Associate Professor

Maria Rozakis-Adcock

Department of Laboratory Medicine & Pathobiology


UofT campus: Medical Sciences Building (MSB)
1 Kings College Circle, Room 6255, Toronto, Ontario Canada M5S 1A8
Research Interests
Cancer, Metabolism & Nutrition
Appointment Status

Maria obtained her PhD degree at McGill University in Experimental Medicine. 

She completed post-doctoral research at the Samuel Lunenfeld Research Institute in the lab of Prof. Tony Pawson.


Research Synopsis


Our research program focuses on molecular networks implicated in cancer and diabetes.

We are investigating signaling pathways contributing to tumor initiation, cancer stem cell maintenance and metastatic dissemination of breast cancers.

We are also exploring mechanisms governing insulin resistance and pancreatic β-cell replication important for the design of regenerative therapies for  type 1 and type 2 diabetes.

Cancer biology

Among women, breast cancer is the most common cancer worldwide and is the leading cause of cancer mortality.

Of the more than 5 million women currently living with a diagnosis of breast cancer, recurrence represents the most common cause of death from this disease.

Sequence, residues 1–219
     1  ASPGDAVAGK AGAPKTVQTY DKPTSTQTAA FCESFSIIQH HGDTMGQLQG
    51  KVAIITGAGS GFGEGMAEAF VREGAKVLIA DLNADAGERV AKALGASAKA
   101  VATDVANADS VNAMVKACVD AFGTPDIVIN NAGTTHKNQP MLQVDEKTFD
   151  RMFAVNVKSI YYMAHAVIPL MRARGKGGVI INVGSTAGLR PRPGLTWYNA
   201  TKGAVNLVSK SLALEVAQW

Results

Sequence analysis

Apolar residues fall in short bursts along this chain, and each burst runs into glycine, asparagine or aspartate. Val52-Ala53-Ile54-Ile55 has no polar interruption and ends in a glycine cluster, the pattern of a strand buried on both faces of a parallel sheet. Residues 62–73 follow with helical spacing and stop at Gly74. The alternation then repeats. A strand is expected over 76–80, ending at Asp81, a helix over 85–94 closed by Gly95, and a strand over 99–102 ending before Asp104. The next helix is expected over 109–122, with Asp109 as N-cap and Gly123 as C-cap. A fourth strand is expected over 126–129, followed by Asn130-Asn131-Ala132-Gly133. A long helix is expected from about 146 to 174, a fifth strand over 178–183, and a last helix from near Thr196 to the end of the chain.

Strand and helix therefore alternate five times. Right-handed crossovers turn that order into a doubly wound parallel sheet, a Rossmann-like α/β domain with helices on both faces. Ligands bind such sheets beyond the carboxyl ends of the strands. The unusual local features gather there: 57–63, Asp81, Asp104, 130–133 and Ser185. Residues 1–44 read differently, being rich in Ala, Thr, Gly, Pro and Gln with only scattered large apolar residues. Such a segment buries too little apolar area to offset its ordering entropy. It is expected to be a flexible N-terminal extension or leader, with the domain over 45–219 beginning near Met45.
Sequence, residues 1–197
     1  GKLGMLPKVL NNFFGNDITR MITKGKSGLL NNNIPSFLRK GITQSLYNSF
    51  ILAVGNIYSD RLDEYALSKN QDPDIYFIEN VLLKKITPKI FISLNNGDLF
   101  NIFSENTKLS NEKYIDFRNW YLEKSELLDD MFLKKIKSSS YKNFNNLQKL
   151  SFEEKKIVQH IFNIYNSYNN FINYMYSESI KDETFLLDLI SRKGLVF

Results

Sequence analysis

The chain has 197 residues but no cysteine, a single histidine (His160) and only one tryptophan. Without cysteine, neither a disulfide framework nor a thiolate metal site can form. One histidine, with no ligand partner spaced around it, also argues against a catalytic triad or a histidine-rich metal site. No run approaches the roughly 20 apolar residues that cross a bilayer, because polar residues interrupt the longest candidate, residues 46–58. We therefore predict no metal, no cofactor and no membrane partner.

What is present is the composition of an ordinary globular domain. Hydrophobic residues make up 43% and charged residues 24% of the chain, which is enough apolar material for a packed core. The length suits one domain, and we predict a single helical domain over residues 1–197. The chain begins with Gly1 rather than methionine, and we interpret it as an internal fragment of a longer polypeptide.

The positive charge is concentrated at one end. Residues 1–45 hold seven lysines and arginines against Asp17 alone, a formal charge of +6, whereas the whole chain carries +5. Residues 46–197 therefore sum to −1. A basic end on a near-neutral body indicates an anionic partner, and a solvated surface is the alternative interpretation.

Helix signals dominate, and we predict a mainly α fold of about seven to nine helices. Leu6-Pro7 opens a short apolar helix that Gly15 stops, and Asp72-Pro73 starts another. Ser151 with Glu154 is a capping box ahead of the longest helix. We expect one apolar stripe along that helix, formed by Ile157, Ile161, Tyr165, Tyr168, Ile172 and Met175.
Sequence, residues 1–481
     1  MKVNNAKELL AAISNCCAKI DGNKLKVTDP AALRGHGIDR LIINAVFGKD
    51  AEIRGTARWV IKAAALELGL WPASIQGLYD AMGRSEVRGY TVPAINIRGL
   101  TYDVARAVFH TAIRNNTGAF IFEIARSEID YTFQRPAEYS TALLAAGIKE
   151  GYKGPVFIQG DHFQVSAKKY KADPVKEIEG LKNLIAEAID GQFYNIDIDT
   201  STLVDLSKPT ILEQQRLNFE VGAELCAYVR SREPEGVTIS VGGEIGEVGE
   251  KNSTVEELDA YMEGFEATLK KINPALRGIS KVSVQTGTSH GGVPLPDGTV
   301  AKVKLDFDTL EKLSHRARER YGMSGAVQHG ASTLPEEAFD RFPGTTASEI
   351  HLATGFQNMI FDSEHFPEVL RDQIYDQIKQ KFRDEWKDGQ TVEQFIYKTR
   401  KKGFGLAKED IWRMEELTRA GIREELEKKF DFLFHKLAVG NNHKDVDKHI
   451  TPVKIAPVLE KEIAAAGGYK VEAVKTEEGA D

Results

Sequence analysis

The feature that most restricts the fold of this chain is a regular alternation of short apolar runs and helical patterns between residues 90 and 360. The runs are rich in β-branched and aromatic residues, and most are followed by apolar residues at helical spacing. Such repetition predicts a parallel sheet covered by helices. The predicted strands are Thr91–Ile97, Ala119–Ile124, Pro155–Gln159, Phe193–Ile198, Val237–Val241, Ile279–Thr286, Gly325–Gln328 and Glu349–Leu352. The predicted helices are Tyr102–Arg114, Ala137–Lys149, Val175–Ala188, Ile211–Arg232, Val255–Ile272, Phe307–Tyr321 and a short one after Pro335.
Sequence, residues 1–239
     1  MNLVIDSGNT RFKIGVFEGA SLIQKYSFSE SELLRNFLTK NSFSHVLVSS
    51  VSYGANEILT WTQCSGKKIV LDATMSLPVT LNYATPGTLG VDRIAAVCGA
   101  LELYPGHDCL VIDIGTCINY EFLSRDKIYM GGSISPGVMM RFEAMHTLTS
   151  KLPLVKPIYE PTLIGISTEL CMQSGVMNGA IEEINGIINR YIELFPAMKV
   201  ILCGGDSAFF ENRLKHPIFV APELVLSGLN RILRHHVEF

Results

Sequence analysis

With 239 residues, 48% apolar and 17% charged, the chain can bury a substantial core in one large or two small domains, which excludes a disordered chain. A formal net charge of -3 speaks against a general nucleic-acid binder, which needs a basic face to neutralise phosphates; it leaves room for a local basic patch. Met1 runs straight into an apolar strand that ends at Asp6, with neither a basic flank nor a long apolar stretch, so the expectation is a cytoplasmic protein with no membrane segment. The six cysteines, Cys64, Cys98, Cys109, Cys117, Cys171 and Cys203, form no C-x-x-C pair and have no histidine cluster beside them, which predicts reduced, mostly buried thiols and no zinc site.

Basal, or basal-like breast cancer accounts for approximately 15-20% of all breast cancers. 

Basal breast cancer is frequently associated by conventional immunohistochemical techniques as "triple negative" because it lacks staining for estrogen receptor (ER), progesterone receptor (PR), and HER2. Triple-negative breast cancers (TNBC) often express markers that are characteristic of the myepithelium of the normal mammary gland, such as epidermal growth factor receptor (EGFR), p63, CK14, 5/6 and 17. 

Epithelial-mesenchymal transition (EMT) is a process by which epithelial cells acquire mesenchymal properties and show reduced intercellular adhesion and increased cell motility.

Accumulating evidence suggests an important role for EMT during malignant transformation, providing cancer cells with self-renewal capability, which is crucial for metastatic colonization at secondary sites. 

Recent evidence has suggested  that human mammary stem cells (MaSCs) are the cells of origin of basal-like and claudin-low tumors. 

Studies of neoplastic tissues has provided evidence of self-renewing, stem-like cells within tumors, which have been called cancer stem cells (CSCs). CSCs constitute a small minority of neoplastic cells within a tumor and are defined operationally by their ability to seed new tumors. For this reason, they have also been termed 'tumor-initiating cells' (TICs). 

It has been proposed that residual disease present after chemotherapy treatment is enriched for cells with stem-like features. However, isolation and better characterization of these CSCs still requires further investigation.

Our lab has identified  novel signaling intermediates that are enriched in human mammary stem cells (MaSC) and whose expression correlates with highly aggressive claudin-low human breast tumors and cell lines.